Oct. 15–Editor’s note: This is part of the Las Cruces Sun-News 2018 election preview. Look for more race profiles every day leading up to Nov. 6.
LAS CRUCES — As Republican Gov. Susana Martinez’s tenure approaches an end in 2018, New Mexico voters are tasked in the Nov. 6 election with selecting her replacement.
Two candidates — both U.S. representatives from different ends of the political spectrum — are vying for the seat: Republican U.S. Rep. Steve Pearce of the southern New Mexico-based 2nd Congressional District and Democratic Rep. Michelle Lujan Grisham of the Albuquerque-based 1st Congressional District.
Both have deep political experience in New Mexico. Pearce, who’s from Hobbs and is a former oil industry business owner, has served as a state representative and won election to the U.S. congressional seat in 2002. He’s held the 2nd Congressional seat for all but two years since 2003.
Lujan Grisham, who was born in Los Alamos and grew up in Santa Fe, is a lawyer and former state health secretary under former Gov. Bill Richardson. She’s held the 1st Congressional District seat for nearly six years after winning the seat that became open when former Congressman Martin Heinrich successfully ran for U.S. Senate.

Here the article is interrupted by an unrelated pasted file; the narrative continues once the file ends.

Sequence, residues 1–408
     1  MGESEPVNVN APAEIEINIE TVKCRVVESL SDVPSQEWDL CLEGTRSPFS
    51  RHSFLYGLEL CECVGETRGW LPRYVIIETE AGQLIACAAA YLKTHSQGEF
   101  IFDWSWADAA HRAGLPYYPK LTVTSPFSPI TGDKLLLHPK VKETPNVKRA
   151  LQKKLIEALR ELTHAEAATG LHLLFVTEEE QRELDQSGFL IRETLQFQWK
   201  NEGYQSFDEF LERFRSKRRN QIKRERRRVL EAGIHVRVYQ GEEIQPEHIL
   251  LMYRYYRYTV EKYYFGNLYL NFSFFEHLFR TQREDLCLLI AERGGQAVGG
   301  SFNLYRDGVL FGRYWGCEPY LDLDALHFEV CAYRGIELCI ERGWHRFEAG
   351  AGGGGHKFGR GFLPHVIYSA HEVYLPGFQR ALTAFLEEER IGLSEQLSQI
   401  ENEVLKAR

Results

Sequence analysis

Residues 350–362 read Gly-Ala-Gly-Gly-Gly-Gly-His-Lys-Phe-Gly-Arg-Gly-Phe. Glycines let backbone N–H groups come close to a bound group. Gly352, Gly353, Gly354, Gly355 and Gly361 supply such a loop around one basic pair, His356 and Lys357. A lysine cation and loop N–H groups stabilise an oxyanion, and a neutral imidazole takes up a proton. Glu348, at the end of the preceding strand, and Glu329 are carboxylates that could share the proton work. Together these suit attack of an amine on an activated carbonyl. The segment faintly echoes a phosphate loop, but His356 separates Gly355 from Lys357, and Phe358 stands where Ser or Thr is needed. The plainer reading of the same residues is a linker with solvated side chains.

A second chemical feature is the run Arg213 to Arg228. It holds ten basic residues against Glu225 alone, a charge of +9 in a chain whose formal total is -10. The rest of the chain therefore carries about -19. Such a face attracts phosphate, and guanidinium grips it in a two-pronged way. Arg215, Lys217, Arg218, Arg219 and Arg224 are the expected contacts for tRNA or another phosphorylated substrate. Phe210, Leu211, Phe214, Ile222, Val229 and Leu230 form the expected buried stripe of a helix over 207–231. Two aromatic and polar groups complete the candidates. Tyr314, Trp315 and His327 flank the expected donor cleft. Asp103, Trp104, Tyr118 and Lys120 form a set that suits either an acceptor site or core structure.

On a GovTrack.us scale assessing the U.S. House members’ political ideology based off legislation in 2017, Pearce was considered the eighth most conservative among 435 House members. Lujan Grisham was ranked the 66th most liberal.
On the economy, minimum wage
While both candidates agree New Mexico’s economy is a major priority, they have differing plans about how to address it. Lujan Grisham’s plan calls for increasing the minimum wage from the state-set-level of $7.50 an hour to $10. Within a couple of years, it would bump up to $12 and be indexed to inflation afterward. She contended that will reduce poor residents’ reliance upon other services paid for by state government. Lujan Grisham, in a recent gubernatorial debate televised on KRQE and KTSM, described a low minimum wage as the “single most important factor in keeping our families in poverty.”
Pearce said he’s opposed to raising the minimum wage. He said businesses must watch their bottom line, and they’ll cut jobs or cut hours if the wage level is increased.
“The businesses that get hurt worst with the minimum wage increase are the small businesses,” he said.